Washington, DC — The U.S. Agency for International Development has missed its fifth consecutive deadline for reporting to Congress about proposed multi-lateral development bank projects that may have adverse impacts on the environment, public health or indigenous populations, according to Public Employees for Environmental Responsibility (PEER).

USAID is statutorily required to report to Congress twice a year (by June 30th and December 31st) concerning potential negative effects of proposed projects pending before international lending institutions, such as the World Bank. Under a law commonly called the “Pelosi Amendment,” after its author, Rep. Nancy Pelosi (D-CA), the U.S. delegations to these multi-lateral development banks are forbidden from supporting any financial aid to projects that have not undergone environmental review if those actions will have a significant impact on the environment.

The primary agency charged with monitoring this environmental compliance and reporting to the Congress and the public is USAID but its December 31, 2004 report is still under review by the Treasury Department, in particular Under Secretary for International Affairs John Taylor, who is now a potential Bush nominee to head the World Bank. Taylor’s staff has routinely delayed or blocked past USAID reports.

“The U.S. is not supposed to sit back and wait for humanitarian crises before it acts,” stated PEER Executive Director Jeff Ruch. “Our laws direct us to plan in advance so as to minimize unnecessary destruction of resources, displacement of native peoples and loss of life.”

In September 2002, USAID removed its sole analyst overseeing environmental compliance in multi-national development bank projects. Since that time, USAID has issued only one environmental evaluation report. As a result of Treasury and USAID resistance to the law –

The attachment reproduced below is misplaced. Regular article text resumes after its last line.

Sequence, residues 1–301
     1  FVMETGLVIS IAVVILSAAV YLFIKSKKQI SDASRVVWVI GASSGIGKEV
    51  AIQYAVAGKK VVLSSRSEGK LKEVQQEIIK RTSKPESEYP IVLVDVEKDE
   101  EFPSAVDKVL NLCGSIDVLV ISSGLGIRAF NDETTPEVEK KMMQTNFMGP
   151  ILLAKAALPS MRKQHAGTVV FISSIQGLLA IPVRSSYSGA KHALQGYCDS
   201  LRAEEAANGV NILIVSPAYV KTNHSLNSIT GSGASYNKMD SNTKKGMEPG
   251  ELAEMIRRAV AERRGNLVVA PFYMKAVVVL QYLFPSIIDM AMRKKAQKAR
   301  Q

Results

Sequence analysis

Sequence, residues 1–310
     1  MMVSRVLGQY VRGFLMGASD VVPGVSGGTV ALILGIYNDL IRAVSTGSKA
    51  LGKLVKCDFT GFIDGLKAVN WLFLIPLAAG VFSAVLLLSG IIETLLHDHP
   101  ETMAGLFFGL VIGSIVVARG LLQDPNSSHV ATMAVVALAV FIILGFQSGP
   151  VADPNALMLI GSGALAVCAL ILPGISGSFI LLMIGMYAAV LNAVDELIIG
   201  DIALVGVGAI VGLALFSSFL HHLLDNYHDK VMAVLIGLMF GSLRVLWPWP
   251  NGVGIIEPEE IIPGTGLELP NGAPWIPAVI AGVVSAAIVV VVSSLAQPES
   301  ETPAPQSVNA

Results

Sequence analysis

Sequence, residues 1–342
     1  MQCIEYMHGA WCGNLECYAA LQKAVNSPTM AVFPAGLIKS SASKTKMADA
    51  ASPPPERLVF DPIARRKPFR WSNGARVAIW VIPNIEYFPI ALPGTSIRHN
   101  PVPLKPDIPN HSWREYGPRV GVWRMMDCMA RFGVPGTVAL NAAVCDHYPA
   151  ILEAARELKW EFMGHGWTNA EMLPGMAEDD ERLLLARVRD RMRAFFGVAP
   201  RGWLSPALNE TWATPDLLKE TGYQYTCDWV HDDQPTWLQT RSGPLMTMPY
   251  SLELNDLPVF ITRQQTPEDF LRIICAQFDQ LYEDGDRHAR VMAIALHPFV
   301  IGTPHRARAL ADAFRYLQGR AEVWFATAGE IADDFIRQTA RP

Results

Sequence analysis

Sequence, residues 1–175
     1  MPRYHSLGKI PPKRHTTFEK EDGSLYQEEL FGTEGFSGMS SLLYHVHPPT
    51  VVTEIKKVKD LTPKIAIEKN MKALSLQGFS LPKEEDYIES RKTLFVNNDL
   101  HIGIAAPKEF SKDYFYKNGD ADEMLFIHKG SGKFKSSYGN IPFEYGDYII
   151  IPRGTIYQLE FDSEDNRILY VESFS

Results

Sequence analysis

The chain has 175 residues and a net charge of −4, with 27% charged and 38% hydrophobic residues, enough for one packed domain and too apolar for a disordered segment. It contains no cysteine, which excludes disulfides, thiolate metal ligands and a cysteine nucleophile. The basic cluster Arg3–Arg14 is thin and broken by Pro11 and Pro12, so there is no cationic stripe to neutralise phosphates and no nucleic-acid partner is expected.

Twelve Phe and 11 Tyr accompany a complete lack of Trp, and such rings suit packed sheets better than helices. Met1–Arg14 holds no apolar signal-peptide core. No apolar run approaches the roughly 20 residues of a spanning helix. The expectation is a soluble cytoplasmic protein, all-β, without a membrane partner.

• Nearly half the money loaned by multilateral development banks, including loans for projects such as timber, coal and oil extraction, received no published environmental assessment at all;
  • Reviews are often completed after-the-fact, with little consideration of alternatives, and are not readily available to native populations or outside groups; and
  • Many reviews are incomplete and do not meet the standards of the statute and regulations. As a consequence, unnecessarily destructive projects in Asia, Africa and South America are improperly receiving U.S. support.

In 2004, Congress approved language asking Treasury and USAID to brief the Appropriations Committees on fulfilling their longstanding unfulfilled reporting duties. These briefings have yet to be scheduled. In the omnibus appropriations bill passed in the lame duck session this November, Congress reinforced the requirements for environmental assessments of any proposal by the World Bank or any of the regional development banks that would have a significant environmental impact, but it is not clear whether Congress will take additional steps to address these problems when it considers long-term legislation authorizing funds for the World Bank this spring.

“The laws that require us to practice preventive international medicine are becoming dead letters,” Ruch added.


Read the statutory requirement for the bi-annual USAID report to Congress

View the 2001 report USAID sent to Congress (September 2001)

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